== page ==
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Yang, ES; Christopher, SA; Kondragunta, S; Zhang, XY (2011). Use of hourly Geostationary Operational Environmental Satellite (GOES) fire emissions in a Community Multiscale Air Quality (CMAQ) model for improving surface particulate matter predictions. JOURNAL OF GEOPHYSICAL RESEARCH-ATMOSPHERES, 116, D04303.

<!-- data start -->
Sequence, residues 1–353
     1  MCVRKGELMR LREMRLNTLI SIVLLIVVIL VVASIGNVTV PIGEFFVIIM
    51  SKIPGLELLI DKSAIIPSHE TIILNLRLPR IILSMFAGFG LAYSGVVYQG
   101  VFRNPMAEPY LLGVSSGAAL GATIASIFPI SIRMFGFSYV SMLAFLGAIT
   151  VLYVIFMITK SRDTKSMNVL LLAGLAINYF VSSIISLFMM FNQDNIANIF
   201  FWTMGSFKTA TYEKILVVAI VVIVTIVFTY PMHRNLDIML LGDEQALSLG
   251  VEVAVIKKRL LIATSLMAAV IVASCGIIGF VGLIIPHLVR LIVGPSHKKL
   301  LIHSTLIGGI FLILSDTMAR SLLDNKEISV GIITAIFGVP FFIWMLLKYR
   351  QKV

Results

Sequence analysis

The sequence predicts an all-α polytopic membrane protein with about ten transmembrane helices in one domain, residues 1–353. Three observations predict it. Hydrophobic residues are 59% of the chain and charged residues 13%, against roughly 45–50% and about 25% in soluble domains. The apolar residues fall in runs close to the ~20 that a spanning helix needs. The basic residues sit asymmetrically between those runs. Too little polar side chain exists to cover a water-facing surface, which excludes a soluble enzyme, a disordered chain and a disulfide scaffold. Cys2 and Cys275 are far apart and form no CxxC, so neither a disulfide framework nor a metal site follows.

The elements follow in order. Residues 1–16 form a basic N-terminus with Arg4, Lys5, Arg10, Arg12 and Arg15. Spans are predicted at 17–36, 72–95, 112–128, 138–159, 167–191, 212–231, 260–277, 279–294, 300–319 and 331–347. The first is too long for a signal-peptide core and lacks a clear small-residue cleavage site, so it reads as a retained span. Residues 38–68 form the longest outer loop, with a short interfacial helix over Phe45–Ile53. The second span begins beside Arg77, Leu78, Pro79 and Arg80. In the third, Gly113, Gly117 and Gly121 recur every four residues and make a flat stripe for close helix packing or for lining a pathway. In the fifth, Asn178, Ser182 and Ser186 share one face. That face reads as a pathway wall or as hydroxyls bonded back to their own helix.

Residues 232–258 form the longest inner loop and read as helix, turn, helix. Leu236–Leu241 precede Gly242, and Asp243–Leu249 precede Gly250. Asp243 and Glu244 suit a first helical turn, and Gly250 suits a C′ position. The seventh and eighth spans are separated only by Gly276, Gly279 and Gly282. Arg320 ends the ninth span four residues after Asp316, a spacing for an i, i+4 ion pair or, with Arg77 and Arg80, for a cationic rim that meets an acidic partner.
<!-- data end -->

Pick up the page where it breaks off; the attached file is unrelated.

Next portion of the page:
Large changes in surface-level PM2.5 concentrations and columnar aerosol optical thickness (AOT) were observed downwind of fires that originated in Georgia and Florida during the April-May 2007 period. In order to quantify the impacts of these wildfires on particulate matter air quality, Community Multiscale Air Quality (CMAQ) simulations were conducted by adding hourly fire emissions derived from the Geostationary Operational Environmental Satellite (GOES) imagers. The simulations include ambient aerosols by accounting for background emissions using the Sparse Matrix Operator Kernel Emissions (SMOKE) model. The impacts of fire emissions are obtained by comparing the CMAQ simulations with and without fire emissions. Overall, the CMAQ-derived PM2.5 reproduces the major smoke transport features of the Moderate Resolution Imaging Spectrometer (MODIS) AOT, but is systematically lower than the ground-based observations of PM2.5 mass concentrations during the fires. An increase of the satellite-derived fire emissions improves the simulated magnitude of PM2.5 concentrations. We also show that the disagreement between the CMAQ predictions and ground-based observations during the high PM2.5 episodes occurs when the predicted position of fire plume is not accurately located. The smoke position error grows more rapidly due to drift behavior of model wind error, so the position error dominates the accuracy of site-specific CMAQ PM2.5 predictions.



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